I purchased my first pair of Vibram 5-finger 12 months ago after reading this article from the New York Times magazine. I have always been an advocate of barefootedness. Early in high school I studied abroad in Costa Rica and walked and ran barefoot after discovering that my performance running shoes offered no traction in the mud.
I had no trouble adapting to my new Vibram Five-Fingers probably because I’ve always enjoyed using my toes. A traditional Anat Baniel Method/Feldenkrais Method exercise consists of gently interlacing toes with the fingers of the opposite hand. (Go really slowly, don’t insert fingers in a way that causes pain!) The mobility of my feet were dramatically altered as a result of an hour spend doing variations on this theme. An interesting fact: young children often have the dexterity to interlace the toes of their feet just as we interlace our fingers. It is something I aspire to.
The Vibrams were great for walking down San Francisco streets. This was just before the shoes hit mainstream shops and I got into all sorts of interesting conversations with people who wondered what in the world I had on my feet. The downside I’ve discovered to Vibram Five-Fingers is the same that I encounter with running shoes. I still can’t feel the floor. Especially during winter months when trails are wet and muddy there just isn’t enough sensation, my toes can’t dig it. I still tend to take my Vibrams off halfway though a run and continue barefoot.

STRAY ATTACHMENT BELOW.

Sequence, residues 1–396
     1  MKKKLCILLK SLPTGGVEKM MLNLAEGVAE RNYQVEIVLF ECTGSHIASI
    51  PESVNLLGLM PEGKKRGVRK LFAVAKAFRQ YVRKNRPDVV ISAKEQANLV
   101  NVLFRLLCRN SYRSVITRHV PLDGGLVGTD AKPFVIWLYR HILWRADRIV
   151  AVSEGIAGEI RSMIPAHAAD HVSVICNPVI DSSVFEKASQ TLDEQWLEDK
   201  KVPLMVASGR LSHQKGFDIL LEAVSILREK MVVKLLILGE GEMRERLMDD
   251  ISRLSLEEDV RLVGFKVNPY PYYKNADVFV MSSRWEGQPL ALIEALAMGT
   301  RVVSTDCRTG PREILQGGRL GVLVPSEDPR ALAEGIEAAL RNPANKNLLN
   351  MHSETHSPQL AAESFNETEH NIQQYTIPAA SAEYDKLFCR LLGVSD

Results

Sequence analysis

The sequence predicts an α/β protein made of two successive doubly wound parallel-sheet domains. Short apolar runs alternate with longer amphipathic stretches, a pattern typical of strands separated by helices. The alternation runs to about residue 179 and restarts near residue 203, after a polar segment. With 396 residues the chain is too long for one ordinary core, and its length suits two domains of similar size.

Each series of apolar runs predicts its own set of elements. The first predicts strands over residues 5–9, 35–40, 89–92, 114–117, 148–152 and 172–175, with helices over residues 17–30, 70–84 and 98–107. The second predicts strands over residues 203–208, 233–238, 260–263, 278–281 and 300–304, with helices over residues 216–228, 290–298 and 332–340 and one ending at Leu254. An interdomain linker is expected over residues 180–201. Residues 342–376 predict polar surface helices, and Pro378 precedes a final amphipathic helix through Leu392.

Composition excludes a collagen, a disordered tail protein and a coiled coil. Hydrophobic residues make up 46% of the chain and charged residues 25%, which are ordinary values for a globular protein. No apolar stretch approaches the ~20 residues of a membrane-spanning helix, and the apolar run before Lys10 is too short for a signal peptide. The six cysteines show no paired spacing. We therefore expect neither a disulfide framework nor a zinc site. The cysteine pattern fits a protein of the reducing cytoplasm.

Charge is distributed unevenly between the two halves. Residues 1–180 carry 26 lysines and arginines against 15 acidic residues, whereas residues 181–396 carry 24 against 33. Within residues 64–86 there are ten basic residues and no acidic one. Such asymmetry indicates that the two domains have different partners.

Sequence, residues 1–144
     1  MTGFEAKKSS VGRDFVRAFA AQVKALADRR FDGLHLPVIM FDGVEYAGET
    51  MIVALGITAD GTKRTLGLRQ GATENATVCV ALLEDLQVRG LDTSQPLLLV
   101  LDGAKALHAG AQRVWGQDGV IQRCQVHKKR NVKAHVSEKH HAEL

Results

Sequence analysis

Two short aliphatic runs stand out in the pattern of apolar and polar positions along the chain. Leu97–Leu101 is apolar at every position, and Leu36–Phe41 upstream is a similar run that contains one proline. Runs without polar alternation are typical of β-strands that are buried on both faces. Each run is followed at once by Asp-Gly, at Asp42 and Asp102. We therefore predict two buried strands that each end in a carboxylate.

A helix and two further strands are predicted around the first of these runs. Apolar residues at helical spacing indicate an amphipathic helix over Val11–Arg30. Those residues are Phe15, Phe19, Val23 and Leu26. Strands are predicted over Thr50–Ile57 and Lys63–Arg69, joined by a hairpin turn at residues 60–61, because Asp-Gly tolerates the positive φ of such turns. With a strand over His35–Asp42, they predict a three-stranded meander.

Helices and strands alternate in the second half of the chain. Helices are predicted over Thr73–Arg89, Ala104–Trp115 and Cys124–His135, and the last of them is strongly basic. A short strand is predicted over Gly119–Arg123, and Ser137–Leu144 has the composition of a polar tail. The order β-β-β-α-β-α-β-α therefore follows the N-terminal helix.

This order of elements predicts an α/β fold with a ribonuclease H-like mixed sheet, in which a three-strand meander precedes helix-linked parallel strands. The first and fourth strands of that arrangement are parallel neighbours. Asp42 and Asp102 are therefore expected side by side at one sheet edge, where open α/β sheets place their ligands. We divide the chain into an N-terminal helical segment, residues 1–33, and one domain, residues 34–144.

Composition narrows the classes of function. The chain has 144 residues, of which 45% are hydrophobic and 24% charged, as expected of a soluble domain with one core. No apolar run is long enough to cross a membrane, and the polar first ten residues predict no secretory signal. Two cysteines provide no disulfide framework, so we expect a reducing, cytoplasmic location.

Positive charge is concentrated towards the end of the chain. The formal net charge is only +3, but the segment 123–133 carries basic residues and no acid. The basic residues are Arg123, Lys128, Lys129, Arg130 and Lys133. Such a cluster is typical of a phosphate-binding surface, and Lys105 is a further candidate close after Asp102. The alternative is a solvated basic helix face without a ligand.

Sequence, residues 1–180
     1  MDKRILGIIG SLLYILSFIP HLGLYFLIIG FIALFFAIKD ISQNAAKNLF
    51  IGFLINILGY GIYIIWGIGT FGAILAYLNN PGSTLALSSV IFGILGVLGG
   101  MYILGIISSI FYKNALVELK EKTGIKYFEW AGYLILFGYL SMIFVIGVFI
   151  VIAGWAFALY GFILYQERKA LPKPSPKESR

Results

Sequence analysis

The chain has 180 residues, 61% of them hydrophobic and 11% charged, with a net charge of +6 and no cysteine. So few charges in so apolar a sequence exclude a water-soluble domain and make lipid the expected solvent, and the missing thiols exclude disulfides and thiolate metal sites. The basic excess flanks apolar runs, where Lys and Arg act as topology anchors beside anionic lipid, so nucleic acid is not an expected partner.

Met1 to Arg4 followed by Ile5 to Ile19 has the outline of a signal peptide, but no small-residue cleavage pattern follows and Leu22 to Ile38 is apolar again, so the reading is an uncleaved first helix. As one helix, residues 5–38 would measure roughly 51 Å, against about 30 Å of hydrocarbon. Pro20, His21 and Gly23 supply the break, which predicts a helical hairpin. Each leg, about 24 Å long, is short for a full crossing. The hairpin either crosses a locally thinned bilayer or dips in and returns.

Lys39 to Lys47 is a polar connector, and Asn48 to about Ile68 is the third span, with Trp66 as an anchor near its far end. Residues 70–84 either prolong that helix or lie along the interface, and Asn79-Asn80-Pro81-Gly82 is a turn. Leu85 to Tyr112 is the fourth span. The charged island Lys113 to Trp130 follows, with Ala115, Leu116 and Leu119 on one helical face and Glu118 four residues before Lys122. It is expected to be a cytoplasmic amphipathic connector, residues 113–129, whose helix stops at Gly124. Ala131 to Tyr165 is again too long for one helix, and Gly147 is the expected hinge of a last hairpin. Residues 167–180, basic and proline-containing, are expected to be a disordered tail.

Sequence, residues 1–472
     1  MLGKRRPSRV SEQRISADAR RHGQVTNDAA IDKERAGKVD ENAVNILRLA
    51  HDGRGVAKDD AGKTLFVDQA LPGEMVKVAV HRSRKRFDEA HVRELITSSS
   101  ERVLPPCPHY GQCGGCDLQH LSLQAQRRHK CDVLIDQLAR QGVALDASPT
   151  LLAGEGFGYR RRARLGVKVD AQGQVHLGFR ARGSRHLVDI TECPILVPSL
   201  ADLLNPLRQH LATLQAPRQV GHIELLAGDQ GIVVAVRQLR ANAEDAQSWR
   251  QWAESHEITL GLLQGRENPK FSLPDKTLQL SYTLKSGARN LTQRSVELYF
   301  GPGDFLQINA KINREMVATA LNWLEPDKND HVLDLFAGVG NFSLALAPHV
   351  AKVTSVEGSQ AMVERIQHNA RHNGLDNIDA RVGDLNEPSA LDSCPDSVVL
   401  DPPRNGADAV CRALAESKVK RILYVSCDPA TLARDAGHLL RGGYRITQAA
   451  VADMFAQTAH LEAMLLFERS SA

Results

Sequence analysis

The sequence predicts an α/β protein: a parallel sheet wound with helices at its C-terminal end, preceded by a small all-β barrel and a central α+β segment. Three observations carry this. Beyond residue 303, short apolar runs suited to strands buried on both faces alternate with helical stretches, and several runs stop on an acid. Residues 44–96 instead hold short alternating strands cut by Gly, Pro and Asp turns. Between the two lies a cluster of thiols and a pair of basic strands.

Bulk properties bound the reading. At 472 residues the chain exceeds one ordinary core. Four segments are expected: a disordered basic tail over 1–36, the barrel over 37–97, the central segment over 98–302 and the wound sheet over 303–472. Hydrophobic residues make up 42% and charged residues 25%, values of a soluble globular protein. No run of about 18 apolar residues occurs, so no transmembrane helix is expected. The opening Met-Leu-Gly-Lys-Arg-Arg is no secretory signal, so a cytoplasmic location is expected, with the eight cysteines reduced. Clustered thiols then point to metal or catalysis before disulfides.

I’ve recently learned of a new shoe-less product that may enter the market. Nike has come up with what they are calling “Foot stickers,” rubber/plastic patches that fit on parts of the bottom of the foot and act as second skin. I haven’t (yet) managed to find a pair to try but I like the idea in principle. There are a couple of varieties depending on activity: yoga, dance, cardio. More samples and the article here.
I haven’t seen many shoe-less alternatives available. A simple, though pessimistic, explanation: running shoe manufactures have a market cornered and don’t want to let it go. There is more money in telling customers that a new shoe will solve the problem than in telling them to take off those shoes and walk/run barefoot.
My own shift away from regular shoes has resulted in an increase in my awareness of my feet throughout my daily life. By increasing the demand on my nervous system during a run I feel as if I’m actually increasing the use of my feet throughout my life.